Journal of Agricultural Science and Food Research

Journal of Agricultural Science and Food Research
Open Access

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Abstract

Effect of Fermentation and Boiling on Functional and Physico Chemical Properties of Yam and Cassava Flours

Kasaye T, Melese A, Amare G and Hailaye G

Cassava and yam are a source of food security, not only because it can be grown on less productive land, but
because it is a source of income for producers and generally a low cost source of food. Hence, the present tubers
were cultivated new region of Ethiopia which is not cultivated yet. This work aims at examining the physical,
chemical and functional properties of flour produced from cassava and yam tubers collected from Shewa Robit
integrated research and development site of Debre Berhan University, North Shewa Administrative Zone,
Shewarobit, Ethiopia. The flours were produced using fermentation and boiling processing methods. Flours
produces were subjected to physio-chemical and functional properties analyses. The tubers were washed, sorted,
peeled and sliced. The sliced tubers were divided into two portions. One portion was fermented for 72 hr. The other
portion was boiled for about 45 minutes. Both prepared samples were dried using sun. The moisture contents of the
samples were 9.51% for cassava and 12.46% for yam for raw samples. Based on dry weight basis, the ash, crude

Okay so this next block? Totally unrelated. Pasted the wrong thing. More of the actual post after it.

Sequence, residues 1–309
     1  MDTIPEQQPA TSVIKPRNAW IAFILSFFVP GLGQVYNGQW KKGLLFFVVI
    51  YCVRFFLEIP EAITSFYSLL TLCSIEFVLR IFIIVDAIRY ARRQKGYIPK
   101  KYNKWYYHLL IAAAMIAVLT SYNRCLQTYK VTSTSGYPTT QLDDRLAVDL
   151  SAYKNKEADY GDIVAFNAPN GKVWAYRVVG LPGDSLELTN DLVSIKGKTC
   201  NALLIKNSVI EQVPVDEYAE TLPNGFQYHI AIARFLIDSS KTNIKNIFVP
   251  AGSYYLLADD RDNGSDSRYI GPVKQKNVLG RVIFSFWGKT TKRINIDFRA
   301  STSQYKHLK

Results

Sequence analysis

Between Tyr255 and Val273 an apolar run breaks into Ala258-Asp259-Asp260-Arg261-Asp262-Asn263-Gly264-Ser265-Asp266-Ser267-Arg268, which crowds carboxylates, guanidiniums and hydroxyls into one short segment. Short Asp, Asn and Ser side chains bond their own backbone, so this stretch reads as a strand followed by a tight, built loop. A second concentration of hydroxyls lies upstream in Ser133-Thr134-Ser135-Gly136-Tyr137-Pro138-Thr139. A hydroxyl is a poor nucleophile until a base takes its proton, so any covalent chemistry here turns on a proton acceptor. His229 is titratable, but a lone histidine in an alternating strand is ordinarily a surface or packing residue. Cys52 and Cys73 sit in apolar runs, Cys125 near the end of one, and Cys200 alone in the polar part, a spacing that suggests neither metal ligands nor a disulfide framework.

fat, protein and crude fiber were 2.47, 1.12, 1.02 and 4.09%, respectively, for the raw sample of cassava and 3.81,
0.69, 6.98, and 3.77% for the raw sample of yam. The mineral contents of the samples were 734.88, 639.71 mg/kg
Ca, 30.38, 51.52 mg/kg Fe, and 4.7, 15.93 mg/kg Zn content in raw cassava and yam samples, respectively. Among
the anti-nutritional factors analyzed, the level of cyanide, phytate and oxalate were determined to be 36.2, 809.48
and 2.32 mg/1000 g in raw cassava sample respectively and the level of tannin and oxalate 1036.0 and 14.03 mg/kg
in raw yam sample respectively. Both cyanide and phytate were not detected in raw yam samples and also in raw
cassava tannin is not detected. A reduction of 98.23%, 37.4% and 4.31% in the level of cyanide, phytate, and
oxalate was achieved by boiling process respectively and fermentation brought about 100%, 48.5% and 31.9%, in
the level of cyanide, phytate and oxalates in cassava samples. Tannin and oxalate were reduced by 69.2% and
30.8% by boiling and 70.7% and 69.13% reduction was achieved by fermentation for yam samples. The bulk
density, water absorption capacity, oil absorption capacity, foaming capacity and foam stability were within the range
of 0.65-0.86 g/ml, 0.65-0.86 ml/g, 0.8-1.24 ml/g, 2.55-3.25% and 2.25-2.56% for cassava flour and 0.64-0.97 g/ml,
0.64 to 1.12 ml/g, 0.55-0.87 ml/g, 3.26-3.56% and 0.87-2.45% for yam flour samples, respectively. Natural
fermentation has resulted in reduction in all types of anti-nutrients for both cassava and yam samples, particularly,
cyanide. Fermented cassava and yam flours will have a good potential for product development.

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